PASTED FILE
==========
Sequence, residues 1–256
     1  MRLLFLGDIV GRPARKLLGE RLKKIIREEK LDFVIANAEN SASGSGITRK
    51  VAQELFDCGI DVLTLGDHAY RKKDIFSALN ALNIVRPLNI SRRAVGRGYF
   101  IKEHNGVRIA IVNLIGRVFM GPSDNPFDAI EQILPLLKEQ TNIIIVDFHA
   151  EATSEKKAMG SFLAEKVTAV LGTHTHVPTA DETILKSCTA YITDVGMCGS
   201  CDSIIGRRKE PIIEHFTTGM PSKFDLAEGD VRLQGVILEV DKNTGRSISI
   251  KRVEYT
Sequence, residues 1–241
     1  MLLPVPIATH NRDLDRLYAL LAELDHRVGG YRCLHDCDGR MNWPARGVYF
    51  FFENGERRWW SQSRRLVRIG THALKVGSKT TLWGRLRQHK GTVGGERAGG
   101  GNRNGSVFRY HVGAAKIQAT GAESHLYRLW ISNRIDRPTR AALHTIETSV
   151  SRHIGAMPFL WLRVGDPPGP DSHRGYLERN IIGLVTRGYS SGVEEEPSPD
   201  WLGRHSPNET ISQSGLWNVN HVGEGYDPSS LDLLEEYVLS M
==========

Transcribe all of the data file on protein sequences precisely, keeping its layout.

Sequence, residues 1–256
     1  MRLLFLGDIV GRPARKLLGE RLKKIIREEK LDFVIANAEN SASGSGITRK
    51  VAQELFDCGI DVLTLGDHAY RKKDIFSALN ALNIVRPLNI SRRAVGRGYF
   101  IKEHNGVRIA IVNLIGRVFM GPSDNPFDAI EQILPLLKEQ TNIIIVDFHA
   151  EATSEKKAMG SFLAEKVTAV LGTHTHVPTA DETILKSCTA YITDVGMCGS
   201  CDSIIGRRKE PIIEHFTTGM PSKFDLAEGD VRLQGVILEV DKNTGRSISI
   251  KRVEYT
Sequence, residues 1–241
     1  MLLPVPIATH NRDLDRLYAL LAELDHRVGG YRCLHDCDGR MNWPARGVYF
    51  FFENGERRWW SQSRRLVRIG THALKVGSKT TLWGRLRQHK GTVGGERAGG
   101  GNRNGSVFRY HVGAAKIQAT GAESHLYRLW ISNRIDRPTR AALHTIETSV
   151  SRHIGAMPFL WLRVGDPPGP DSHRGYLERN IIGLVTRGYS SGVEEEPSPD
   201  WLGRHSPNET ISQSGLWNVN HVGEGYDPSS LDLLEEYVLS M